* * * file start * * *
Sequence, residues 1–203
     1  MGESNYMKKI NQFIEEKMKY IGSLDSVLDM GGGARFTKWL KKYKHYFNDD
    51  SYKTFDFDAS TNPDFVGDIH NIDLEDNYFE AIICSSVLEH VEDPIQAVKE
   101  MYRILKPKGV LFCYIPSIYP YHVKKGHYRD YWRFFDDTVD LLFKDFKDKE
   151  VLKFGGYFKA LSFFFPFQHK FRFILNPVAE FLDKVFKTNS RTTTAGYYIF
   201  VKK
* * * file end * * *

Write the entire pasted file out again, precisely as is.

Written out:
Sequence, residues 1–203
     1  MGESNYMKKI NQFIEEKMKY IGSLDSVLDM GGGARFTKWL KKYKHYFNDD
    51  SYKTFDFDAS TNPDFVGDIH NIDLEDNYFE AIICSSVLEH VEDPIQAVKE
   101  MYRILKPKGV LFCYIPSIYP YHVKKGHYRD YWRFFDDTVD LLFKDFKDKE
   151  VLKFGGYFKA LSFFFPFQHK FRFILNPVAE FLDKVFKTNS RTTTAGYYIF
   201  VKK